Conductive garments can be used as an alternative to electrode pads. Conductive garments can be applied so that you receive pain relief treatment for more specific body regions, including the hand, foot, knee, etc. A variety of conductive garments for different body areas can be found here. For symptomatic control, vagal nerve stimulation has shown some benefits for patients with chronic fatigue syndrome. Caremax provides ear clips that are connected to TENS machines for vagus nerve treatment. However, more research is required to determine how best to use this type of treatment for people with chronic fatigue syndrome. 

  • Setting the TENS Mode for Chronic Fatigue 

There are several TENS settings when assisting with chronic fatigue syndrome, including intensity, frequency, and pulse width. However, more research needs to emerge to determine the optimal management of chronic fatigue syndrome using TENS.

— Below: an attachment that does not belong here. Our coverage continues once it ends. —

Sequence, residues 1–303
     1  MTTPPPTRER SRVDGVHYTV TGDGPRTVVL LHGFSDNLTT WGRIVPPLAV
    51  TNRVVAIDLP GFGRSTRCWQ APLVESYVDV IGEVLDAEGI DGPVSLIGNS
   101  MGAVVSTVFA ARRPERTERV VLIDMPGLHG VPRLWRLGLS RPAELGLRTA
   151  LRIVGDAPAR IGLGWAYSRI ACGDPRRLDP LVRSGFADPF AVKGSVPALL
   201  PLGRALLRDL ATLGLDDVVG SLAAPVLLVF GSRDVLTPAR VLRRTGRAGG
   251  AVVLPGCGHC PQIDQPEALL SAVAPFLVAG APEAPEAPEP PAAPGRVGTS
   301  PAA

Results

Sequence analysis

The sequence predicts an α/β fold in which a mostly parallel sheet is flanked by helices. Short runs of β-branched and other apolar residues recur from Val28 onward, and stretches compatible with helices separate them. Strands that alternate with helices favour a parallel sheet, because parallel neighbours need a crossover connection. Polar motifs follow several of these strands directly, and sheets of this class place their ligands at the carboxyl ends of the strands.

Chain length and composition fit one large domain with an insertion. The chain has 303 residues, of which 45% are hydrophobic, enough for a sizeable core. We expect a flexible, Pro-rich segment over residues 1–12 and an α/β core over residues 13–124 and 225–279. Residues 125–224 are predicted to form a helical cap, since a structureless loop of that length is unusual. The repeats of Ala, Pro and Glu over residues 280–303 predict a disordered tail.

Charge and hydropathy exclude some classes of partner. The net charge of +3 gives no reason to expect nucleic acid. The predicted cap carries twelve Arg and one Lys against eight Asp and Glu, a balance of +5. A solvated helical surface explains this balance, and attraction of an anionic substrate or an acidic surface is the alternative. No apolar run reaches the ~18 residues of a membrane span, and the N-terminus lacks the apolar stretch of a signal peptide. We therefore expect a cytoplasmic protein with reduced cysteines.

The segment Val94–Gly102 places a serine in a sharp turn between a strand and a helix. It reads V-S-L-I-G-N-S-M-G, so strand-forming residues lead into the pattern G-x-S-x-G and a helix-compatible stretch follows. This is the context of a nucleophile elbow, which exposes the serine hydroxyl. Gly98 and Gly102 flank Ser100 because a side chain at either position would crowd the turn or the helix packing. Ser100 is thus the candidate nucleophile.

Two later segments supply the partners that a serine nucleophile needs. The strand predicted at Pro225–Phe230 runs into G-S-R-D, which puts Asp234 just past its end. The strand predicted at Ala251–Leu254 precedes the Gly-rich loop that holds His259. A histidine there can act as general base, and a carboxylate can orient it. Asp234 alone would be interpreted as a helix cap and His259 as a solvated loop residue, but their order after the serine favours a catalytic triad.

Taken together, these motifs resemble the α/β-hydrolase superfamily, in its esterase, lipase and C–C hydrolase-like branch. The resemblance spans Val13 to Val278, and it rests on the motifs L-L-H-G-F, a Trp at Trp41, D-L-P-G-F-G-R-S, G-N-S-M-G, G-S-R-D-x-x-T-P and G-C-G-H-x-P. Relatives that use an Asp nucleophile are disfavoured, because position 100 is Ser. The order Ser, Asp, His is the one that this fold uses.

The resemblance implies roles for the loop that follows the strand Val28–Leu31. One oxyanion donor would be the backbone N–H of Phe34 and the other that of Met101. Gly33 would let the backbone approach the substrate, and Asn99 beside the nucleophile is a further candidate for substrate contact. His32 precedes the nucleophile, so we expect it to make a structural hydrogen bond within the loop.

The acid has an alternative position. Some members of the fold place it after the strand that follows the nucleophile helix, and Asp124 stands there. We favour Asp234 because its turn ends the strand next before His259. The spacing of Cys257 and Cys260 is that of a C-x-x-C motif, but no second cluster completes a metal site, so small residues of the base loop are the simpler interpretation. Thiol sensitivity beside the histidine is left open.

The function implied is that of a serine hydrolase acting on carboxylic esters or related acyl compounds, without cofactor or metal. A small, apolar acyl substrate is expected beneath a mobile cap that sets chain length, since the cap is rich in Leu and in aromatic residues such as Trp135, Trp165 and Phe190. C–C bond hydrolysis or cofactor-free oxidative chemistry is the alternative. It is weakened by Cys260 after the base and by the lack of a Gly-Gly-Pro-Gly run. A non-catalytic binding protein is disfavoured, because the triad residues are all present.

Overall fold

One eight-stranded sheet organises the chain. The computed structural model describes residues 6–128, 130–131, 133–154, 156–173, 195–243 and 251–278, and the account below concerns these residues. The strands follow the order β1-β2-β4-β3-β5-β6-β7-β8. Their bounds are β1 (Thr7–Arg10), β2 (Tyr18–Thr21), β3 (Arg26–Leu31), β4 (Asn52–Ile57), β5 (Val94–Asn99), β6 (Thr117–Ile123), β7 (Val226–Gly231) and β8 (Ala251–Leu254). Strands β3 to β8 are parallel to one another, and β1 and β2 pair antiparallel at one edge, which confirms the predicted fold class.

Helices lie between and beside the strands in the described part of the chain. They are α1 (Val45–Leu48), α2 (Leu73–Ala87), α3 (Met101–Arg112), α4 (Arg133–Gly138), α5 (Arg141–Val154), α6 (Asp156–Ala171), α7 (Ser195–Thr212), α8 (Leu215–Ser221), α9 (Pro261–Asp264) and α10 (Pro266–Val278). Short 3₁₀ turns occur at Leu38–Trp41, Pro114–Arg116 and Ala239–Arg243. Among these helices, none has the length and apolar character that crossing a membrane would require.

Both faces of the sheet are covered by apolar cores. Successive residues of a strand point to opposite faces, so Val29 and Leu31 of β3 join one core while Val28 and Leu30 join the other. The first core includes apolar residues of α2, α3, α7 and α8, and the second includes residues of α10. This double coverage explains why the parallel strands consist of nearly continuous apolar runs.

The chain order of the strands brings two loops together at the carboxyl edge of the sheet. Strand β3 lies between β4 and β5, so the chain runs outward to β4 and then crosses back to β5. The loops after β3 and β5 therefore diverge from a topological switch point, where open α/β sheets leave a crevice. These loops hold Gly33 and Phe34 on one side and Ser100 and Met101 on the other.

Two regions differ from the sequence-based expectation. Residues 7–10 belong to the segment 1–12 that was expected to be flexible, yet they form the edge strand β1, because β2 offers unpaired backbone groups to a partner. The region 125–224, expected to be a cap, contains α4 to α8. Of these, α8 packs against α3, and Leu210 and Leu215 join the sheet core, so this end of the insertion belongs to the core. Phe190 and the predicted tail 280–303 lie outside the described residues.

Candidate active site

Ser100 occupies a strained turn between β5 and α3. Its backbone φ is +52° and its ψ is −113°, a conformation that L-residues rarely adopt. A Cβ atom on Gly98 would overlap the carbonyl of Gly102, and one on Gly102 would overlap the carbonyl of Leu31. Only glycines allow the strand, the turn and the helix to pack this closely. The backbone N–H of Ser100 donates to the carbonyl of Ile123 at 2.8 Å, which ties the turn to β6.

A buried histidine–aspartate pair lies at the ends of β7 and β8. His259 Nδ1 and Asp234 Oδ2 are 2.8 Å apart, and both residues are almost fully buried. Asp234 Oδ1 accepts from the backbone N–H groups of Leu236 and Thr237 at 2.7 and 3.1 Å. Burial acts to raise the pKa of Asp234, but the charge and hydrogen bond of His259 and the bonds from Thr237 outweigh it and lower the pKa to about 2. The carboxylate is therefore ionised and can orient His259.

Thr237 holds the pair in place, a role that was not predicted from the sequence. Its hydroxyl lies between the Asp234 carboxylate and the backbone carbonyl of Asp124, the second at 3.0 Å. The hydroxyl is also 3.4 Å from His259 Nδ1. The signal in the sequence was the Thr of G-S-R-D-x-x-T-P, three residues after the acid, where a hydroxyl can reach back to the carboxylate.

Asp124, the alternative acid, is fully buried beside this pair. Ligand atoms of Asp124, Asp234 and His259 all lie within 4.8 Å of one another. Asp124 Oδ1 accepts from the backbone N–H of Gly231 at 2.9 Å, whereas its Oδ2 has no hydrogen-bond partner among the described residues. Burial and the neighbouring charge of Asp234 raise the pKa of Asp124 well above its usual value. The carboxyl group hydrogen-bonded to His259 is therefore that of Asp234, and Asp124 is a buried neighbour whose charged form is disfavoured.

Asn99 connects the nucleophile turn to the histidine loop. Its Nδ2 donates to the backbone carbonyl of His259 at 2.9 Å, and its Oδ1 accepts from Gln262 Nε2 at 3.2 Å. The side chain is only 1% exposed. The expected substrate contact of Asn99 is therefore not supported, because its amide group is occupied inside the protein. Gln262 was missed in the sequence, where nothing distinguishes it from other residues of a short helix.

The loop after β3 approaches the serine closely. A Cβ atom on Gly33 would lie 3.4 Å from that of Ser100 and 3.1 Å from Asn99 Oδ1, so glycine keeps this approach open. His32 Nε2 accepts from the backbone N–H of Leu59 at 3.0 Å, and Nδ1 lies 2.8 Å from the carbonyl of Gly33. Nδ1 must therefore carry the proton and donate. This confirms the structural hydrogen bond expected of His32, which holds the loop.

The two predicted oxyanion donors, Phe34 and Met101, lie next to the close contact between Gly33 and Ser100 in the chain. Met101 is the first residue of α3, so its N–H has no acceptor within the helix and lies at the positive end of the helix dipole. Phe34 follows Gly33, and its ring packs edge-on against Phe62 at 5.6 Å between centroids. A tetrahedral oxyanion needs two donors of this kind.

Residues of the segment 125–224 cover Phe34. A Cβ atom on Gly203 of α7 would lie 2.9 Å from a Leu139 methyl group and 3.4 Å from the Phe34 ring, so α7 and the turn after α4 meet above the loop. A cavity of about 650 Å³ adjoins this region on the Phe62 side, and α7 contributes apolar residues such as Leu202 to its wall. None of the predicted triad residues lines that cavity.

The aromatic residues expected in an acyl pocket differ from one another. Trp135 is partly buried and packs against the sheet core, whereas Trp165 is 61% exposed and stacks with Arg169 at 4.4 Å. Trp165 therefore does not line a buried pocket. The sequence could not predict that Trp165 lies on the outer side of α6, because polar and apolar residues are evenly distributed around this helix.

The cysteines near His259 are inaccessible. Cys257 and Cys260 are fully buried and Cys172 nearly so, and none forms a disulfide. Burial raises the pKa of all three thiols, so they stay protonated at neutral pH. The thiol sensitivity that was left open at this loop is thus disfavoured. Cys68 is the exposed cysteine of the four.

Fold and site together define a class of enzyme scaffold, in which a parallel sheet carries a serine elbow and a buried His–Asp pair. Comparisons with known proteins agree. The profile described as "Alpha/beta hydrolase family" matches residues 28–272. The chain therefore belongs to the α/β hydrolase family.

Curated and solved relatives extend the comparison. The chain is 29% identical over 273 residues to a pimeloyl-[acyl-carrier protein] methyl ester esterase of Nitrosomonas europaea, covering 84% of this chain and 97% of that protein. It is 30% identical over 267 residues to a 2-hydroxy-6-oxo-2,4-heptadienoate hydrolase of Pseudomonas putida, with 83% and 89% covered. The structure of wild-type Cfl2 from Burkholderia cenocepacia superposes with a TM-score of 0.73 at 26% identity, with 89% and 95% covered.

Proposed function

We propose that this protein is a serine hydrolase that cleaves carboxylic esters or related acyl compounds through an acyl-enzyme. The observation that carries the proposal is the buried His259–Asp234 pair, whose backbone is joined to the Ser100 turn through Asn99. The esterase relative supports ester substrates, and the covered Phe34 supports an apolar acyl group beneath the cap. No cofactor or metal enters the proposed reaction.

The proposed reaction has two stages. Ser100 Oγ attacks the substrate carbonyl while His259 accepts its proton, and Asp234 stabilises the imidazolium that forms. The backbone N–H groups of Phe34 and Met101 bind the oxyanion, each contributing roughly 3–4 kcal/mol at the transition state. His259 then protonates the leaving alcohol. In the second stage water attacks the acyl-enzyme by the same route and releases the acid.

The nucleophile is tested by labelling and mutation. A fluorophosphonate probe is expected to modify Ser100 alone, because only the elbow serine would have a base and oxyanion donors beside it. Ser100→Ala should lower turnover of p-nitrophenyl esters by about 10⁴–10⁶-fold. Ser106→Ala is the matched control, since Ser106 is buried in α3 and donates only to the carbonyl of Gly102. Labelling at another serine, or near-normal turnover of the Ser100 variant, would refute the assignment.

• Setting the Pulse Rate (Frequency) for Chronic Fatigue

The frequency on the TENS machine can be adjusted to assist with different forms of pain relief. Frequency measures how many electrical impulses are delivered within a second. Higher frequencies (90–130 Hz) can be used to help with more immediate but shorter-term pain relief. While smaller frequencies (2–5 Hz) can be used for more prolonged pain relief, which is more appropriate for managing chronic pain,. 

Additionally, frequency can also be adjusted to stimulate the vagus nerve for overall symptomatic relief. A literature review by Yap et al. (2020) [6] showed that most researchers used 1–30 Hz to help stimulate the vagus nerve. However, there is limited research about optimal frequency stimulation to treat chronic fatigue syndrome.